Inclusion in the first two groups does not guarantee that an impact will be assessed for disparate impacts or that the MPO staff will pursue further research on a given impact. Other factors also affect these decisions, including the MPO’s priorities and budget constraints. However, MPO staff will strongly consider this input when making recommendations to the MPO about the development of the DI/DB policy.


Table 1
Transportation Impacts Identified at the Second Working Group Meeting and the Public Workshop

Impacts that could be assessed in the short-term (0-3 years)

Impacts that could be assessed in the long-term (3-5 years)

Impacts that are not applicable


Access to all jobs1

Access to active transportation options1,2

Disconnection between projects and what the public wants1

Access to commuter rail stations1

Availability of structured bicycle parking2

Enforcement of traffic rules2

Access to healthcare facilities1

Availability of transportation options1

Excessive parking requirements2

Access to public transit service at off-peak hours1,2

Access to public transit in the suburbs2


Access to recreational space1,2

Access to transportation for people with disabilities1,2

Greenway maintenance2

Access to retail jobs1

Bicycle and pedestrian safety1

Impact of the “Big Dig” on willingness to undertake large transportation projects1

Carbon monoxide emissions1

BRT effects on travel time2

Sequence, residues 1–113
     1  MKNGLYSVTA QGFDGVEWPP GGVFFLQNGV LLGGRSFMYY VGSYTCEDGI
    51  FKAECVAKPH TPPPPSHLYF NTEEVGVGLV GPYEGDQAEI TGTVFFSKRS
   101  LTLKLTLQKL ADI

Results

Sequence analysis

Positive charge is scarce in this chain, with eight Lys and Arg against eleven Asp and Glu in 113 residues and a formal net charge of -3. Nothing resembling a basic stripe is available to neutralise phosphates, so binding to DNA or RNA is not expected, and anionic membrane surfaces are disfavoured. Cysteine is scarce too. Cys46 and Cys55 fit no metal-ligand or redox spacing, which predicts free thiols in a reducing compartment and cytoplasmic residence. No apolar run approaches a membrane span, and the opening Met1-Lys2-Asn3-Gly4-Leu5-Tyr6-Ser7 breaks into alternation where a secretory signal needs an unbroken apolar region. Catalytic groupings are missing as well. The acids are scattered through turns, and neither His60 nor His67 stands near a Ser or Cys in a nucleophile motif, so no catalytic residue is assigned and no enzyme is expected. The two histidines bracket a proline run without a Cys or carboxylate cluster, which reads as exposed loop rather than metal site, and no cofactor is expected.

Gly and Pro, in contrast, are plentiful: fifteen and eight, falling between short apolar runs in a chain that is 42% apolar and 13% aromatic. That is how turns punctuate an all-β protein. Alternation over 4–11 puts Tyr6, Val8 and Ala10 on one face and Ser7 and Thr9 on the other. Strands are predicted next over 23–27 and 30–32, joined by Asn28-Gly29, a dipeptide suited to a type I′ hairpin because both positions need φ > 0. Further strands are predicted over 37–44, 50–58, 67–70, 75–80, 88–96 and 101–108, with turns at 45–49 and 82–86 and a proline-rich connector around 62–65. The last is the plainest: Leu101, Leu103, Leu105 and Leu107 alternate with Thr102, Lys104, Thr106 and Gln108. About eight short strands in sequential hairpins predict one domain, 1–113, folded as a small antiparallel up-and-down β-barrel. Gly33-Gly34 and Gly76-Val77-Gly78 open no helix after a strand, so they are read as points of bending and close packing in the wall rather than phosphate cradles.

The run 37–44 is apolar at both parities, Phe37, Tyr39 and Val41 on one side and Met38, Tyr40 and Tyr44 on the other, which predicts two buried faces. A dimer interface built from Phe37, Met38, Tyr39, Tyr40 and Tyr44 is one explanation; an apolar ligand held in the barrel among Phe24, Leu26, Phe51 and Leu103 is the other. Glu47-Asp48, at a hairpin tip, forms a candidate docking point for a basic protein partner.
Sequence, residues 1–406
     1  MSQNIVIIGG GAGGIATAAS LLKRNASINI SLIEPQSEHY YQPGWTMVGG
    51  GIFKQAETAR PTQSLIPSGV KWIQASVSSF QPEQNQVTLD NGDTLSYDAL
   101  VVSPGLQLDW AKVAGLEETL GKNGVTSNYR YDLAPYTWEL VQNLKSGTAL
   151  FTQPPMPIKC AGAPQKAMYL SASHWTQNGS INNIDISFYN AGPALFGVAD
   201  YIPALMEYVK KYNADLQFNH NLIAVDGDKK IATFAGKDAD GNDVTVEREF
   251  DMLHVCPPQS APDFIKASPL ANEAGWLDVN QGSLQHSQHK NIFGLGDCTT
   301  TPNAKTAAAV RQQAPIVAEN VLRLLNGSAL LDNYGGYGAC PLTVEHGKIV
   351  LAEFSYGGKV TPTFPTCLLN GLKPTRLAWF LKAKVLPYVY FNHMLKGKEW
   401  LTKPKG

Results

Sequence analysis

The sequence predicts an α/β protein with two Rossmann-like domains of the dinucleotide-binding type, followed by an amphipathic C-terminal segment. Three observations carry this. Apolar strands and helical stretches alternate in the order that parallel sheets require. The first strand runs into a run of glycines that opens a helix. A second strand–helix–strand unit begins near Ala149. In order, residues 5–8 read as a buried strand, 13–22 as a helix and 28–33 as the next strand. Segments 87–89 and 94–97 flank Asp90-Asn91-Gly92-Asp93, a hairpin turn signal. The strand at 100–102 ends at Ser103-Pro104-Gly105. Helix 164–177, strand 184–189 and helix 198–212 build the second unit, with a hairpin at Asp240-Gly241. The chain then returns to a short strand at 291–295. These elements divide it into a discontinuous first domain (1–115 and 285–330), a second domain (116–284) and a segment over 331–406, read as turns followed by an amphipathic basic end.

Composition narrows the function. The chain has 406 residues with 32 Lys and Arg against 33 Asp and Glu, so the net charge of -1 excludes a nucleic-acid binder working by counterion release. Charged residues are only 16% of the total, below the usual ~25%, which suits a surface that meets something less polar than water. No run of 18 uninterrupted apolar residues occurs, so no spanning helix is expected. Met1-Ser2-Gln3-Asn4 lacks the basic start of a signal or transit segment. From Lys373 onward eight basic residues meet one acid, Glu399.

Impact of the transportation system on all aspects of life1

Commuter rail use1

Climate change impacts and resiliency1

Impacts of new technology2


Cost of bikeshare memberships relative to household income1

Lack of proactive transportation planning1

Mode share1,2

Cost of transportation as a function of household income1,2

Lack of revenue generation1,2

Particulate matter emissions1

Density increases near transportation investments1

Lack of support for transportation in the Massachusetts legislature1

Time spent transferring1,2

Frequency of public transit service1,2

Legible and people-focused wayfinding1

Access to jobs by public transit2

Health effects after displacement1


Transportation network connectivity1,2

Major roads dividing neighborhoods2

Ownership of different vehicle types1

Travel time to work2

Impact of transportation on real estate prices1

Partnerships between transportation agencies and private companies2


Improvements to transit1

Political will1


Increase in TOD density near transportation investments1

Regulation of ridesharing and TNCs1,2


Maintenance funding2

Reliability of public transit in inclement weather1


New housing near public transit investments1

Transit timing1,2


North-south connections2

Uneven distribution of advocacy between wealthier and poorer communities1


Other air quality impacts2

Use of zero-emissions vehicles1


Parking availability1



Reliability of public transit and paratransit1,2



Reverse commute options1






TNCs impact on transit2



Transportation access and options available to the elderly1



Transportation connections between communities2



Transportation costs after displacement1



Transportation network connectivity1


1 Impacts identified by stakeholders  

2 Impacts identified by members of the public


BRT = bus rapid transit; TNC = transportation network company; TOD = transit-oriented development.